I’ve just finished reading Truman Capote’s In Cold Blood, a seminal work that merges true-crime journalism with literature.  If you haven’t read it, or another book like it (I recommend Midnight in the Garden of Good and Evil), then it’s an interesting style that I highly recommend.

First, as always, I need to mention how I’m in no way qualified to comment on a book like this.  You have to assume that significant underlying themes go unnoticed by me.  But, nevertheless, I feel like writing these pieces helps me to better understand what I’ve just read.  You’re job, as the reader, is to catch me on mistakes and suggest your own interpretations.

That being said, I want to first draw attention to the nuanced narrative Capote created.  The level of detail present is staggering.  He knew the town of Holcomb and its inhabitants so well he was able to draw in everyday occurrences as significant thematic devices.

For instance, towards the end of the book, Perry Smith found himself gazing out the barred window of his cell while enduring his trial.  Capote created an image of two tomcats roaming the town, plucking dead birds from the grills of cars.  The metaphor was unmistakable: two free cats, surviving by their wits to scrape by, street savvy but unable to better themselves.  Just like Perry and his compatriot Dick Hickock.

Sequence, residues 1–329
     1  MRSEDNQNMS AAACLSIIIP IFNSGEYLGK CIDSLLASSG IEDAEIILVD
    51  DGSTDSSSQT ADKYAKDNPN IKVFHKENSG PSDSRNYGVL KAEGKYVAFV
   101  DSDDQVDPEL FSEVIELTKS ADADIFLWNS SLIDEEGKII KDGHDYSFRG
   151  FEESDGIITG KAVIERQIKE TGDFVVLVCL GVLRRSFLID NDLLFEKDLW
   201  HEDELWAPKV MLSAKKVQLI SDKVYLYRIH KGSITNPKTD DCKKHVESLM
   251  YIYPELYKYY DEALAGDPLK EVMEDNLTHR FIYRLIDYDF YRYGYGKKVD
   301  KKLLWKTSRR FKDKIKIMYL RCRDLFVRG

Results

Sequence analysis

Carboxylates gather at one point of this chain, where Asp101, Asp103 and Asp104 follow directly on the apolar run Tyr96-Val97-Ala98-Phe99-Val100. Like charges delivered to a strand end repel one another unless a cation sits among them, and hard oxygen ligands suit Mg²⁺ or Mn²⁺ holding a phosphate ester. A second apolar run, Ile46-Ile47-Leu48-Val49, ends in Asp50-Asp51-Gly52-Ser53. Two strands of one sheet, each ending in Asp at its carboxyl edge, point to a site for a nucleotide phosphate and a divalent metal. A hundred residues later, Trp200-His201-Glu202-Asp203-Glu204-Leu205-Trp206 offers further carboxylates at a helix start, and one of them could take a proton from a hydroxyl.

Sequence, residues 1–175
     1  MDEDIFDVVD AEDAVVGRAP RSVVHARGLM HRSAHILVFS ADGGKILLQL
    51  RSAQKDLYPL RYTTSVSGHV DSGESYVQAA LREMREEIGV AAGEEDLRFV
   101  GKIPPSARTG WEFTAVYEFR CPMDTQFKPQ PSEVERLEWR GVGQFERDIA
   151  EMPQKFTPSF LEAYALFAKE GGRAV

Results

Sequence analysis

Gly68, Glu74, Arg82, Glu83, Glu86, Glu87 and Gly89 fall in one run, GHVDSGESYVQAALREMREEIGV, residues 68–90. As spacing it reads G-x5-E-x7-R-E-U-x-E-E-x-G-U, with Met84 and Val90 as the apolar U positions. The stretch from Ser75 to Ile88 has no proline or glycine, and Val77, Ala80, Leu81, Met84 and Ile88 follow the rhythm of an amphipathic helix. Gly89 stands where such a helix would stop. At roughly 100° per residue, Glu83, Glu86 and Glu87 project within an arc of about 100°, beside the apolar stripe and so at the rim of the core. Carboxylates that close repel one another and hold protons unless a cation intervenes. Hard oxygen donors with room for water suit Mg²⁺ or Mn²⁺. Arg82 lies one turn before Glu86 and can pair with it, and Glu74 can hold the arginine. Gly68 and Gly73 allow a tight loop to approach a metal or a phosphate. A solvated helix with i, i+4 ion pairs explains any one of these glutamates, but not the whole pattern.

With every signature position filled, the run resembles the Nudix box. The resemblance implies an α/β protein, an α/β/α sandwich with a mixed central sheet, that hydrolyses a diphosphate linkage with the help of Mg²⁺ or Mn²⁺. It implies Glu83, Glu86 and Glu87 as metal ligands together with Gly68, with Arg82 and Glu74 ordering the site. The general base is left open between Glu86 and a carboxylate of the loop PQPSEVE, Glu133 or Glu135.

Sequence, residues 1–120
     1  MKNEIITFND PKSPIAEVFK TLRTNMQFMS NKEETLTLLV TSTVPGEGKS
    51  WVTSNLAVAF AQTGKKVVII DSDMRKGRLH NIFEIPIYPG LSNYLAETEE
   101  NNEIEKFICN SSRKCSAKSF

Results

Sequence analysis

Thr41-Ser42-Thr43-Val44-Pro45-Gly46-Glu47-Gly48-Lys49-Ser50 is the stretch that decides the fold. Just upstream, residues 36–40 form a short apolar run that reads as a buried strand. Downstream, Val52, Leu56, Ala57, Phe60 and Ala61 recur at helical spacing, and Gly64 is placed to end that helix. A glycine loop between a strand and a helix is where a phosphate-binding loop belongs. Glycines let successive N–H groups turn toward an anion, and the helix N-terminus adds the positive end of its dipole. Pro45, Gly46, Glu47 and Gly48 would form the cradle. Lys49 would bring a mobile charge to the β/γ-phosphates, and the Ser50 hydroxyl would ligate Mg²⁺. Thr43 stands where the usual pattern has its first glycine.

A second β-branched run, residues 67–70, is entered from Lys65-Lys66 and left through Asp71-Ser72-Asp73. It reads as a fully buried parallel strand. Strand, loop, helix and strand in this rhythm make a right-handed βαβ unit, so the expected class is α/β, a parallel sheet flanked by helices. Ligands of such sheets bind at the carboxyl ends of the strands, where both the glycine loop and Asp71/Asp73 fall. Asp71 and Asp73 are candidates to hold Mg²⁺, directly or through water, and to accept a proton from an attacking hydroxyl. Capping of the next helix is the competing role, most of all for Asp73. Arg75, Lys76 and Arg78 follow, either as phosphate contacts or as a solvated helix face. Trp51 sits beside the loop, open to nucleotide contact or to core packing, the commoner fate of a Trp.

There was an outright sadness throughout the end of the book.  When desperation gave in to acceptance of the inevitable on the part of Perry, you can’t help by question your assumptions of his actions and the events that led up to his incarceration.  Which, of course, was part of Truman’s goal: to show the aftermath of the heinous crime on both the town and the killers themselves.

There’s a lot more to say about In Cold Blood, but I’ll stop here for now.  I read through the entire book in about 3 days – an exceedingly short time for me.  But it was a book I found I couldn’t put down.  It created a different level of suspense: not one of “what’s about to happen next”, but one of “I don’t want to know what happens next, but I must”.  Very interesting.